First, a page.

Lee said that the new mechanism of brittle bone disease will have important diagnostic implications. "In child abuse cases, a frequent question is whether the children have brittle bone disease that would cause frequent bone fractures," said Lee. "Up until now, the only known genetic cause of brittle bone disease has been structural mutations in type I collagen. Now, we have explained a percentage of cases of brittle bone disease perhaps as high as fifteen percent that had all the biochemical hallmarks of the disorder but did not have type I collagen mutations. So this adds a new dimension in terms of DNA testing; clinical geneticists and pediatricians will have a new genetic test to determine whether children have this form of brittle bone disease."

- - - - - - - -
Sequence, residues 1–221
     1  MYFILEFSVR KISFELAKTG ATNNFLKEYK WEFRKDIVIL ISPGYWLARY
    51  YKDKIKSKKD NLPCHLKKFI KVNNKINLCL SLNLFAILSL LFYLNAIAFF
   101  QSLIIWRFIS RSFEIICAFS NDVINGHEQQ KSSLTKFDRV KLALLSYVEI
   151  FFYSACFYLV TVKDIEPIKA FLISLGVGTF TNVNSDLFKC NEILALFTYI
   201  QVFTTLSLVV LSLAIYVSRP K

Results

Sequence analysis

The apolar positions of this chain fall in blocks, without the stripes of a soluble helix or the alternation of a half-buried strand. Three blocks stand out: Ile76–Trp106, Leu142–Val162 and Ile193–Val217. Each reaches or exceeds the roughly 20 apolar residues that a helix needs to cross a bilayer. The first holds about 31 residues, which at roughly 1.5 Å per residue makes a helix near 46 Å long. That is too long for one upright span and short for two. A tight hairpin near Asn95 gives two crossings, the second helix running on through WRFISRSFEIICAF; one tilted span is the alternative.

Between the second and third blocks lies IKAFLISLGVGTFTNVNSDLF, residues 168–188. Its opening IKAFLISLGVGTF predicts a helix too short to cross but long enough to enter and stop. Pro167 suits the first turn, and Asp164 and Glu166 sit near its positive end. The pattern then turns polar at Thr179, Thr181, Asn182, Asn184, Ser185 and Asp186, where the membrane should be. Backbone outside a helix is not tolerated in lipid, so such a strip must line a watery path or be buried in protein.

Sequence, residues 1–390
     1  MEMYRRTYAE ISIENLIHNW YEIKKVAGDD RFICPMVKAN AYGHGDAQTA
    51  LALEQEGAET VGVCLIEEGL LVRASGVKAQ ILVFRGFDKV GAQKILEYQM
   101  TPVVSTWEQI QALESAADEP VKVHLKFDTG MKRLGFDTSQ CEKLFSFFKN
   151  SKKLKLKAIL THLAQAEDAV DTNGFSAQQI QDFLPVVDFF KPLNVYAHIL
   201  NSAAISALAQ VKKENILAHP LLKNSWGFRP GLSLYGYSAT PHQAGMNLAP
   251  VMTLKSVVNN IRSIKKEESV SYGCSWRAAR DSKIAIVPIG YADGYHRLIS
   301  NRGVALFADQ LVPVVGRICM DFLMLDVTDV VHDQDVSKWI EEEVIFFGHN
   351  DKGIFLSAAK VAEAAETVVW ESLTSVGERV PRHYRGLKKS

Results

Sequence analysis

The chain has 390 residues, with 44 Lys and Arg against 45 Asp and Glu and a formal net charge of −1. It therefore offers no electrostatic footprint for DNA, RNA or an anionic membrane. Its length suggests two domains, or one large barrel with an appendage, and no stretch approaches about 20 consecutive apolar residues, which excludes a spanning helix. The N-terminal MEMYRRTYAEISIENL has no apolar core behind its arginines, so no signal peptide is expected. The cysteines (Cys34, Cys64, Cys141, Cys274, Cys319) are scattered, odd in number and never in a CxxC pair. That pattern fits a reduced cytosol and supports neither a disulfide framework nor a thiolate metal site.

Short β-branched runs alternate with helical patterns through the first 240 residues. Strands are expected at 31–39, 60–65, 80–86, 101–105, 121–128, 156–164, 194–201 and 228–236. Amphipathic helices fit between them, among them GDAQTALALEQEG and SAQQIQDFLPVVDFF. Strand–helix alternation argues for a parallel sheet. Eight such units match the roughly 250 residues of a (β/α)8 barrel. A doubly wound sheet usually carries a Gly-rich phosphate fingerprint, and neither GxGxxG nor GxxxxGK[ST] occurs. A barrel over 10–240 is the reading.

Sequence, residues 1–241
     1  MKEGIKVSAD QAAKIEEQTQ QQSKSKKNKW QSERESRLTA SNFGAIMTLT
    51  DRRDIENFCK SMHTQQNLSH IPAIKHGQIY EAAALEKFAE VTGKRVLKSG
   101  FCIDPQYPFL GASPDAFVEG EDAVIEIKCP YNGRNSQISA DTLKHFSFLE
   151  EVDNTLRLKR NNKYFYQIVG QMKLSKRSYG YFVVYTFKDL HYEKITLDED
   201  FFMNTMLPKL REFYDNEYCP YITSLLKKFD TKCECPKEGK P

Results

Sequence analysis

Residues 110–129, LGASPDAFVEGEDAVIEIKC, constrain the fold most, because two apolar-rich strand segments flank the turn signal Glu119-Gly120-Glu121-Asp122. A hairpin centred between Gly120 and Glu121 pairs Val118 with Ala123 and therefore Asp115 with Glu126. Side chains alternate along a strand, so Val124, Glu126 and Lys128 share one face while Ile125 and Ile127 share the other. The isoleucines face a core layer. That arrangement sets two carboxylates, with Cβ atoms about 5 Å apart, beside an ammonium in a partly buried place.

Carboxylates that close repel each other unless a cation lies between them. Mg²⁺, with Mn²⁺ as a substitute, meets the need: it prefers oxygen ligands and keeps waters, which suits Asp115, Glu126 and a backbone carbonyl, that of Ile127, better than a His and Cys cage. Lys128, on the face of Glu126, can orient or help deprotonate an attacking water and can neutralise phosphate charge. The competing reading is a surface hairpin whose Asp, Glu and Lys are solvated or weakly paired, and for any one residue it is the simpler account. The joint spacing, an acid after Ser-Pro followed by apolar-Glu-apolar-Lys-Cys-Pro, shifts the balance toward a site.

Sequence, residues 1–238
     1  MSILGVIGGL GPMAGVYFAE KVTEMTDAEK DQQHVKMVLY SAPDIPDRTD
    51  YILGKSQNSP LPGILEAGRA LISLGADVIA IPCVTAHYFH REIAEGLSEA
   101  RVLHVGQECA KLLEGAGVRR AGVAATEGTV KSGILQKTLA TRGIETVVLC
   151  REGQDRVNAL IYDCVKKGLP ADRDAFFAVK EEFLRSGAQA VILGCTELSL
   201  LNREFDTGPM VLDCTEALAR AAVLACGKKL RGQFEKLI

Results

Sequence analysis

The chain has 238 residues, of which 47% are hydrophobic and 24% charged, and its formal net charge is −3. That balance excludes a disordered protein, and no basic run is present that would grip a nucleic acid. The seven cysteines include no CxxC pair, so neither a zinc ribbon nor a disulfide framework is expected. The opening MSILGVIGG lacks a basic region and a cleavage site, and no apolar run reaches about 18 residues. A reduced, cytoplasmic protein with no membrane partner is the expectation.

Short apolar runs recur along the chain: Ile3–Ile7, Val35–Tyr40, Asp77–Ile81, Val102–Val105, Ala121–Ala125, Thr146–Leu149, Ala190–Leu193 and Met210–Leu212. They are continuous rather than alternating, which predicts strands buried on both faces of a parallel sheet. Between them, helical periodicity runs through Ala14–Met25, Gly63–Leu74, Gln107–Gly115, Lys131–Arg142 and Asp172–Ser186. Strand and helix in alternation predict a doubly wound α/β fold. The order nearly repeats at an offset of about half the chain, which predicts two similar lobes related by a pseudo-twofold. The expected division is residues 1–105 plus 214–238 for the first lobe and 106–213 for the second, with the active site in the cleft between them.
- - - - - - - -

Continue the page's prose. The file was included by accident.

The finding "opens up a whole new field in bone biology, because this has been an unappreciated mechanism of collagen modification," said Lee. Since prolyl 3-hydroxylation occurs in collagen throughout the body including the heart, blood vessels and kidneys defects in this process affecting these other tissues could be the cause of as-yet-undescribed connective tissue diseases, he said.
In further studies, Lee and his colleagues are exploring the role of prolyl 3-hydroxylation in such disorders. Also, they are using the new findings to understand the role of the process in collagen formation.